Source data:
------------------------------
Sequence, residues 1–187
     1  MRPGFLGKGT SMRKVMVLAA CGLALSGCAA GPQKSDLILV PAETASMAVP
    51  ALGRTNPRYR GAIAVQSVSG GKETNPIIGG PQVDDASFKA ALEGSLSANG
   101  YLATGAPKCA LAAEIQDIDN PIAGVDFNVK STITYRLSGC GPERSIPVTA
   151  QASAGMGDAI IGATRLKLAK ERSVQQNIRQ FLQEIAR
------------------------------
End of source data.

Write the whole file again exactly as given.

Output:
Sequence, residues 1–187
     1  MRPGFLGKGT SMRKVMVLAA CGLALSGCAA GPQKSDLILV PAETASMAVP
    51  ALGRTNPRYR GAIAVQSVSG GKETNPIIGG PQVDDASFKA ALEGSLSANG
   101  YLATGAPKCA LAAEIQDIDN PIAGVDFNVK STITYRLSGC GPERSIPVTA
   151  QASAGMGDAI IGATRLKLAK ERSVQQNIRQ FLQEIAR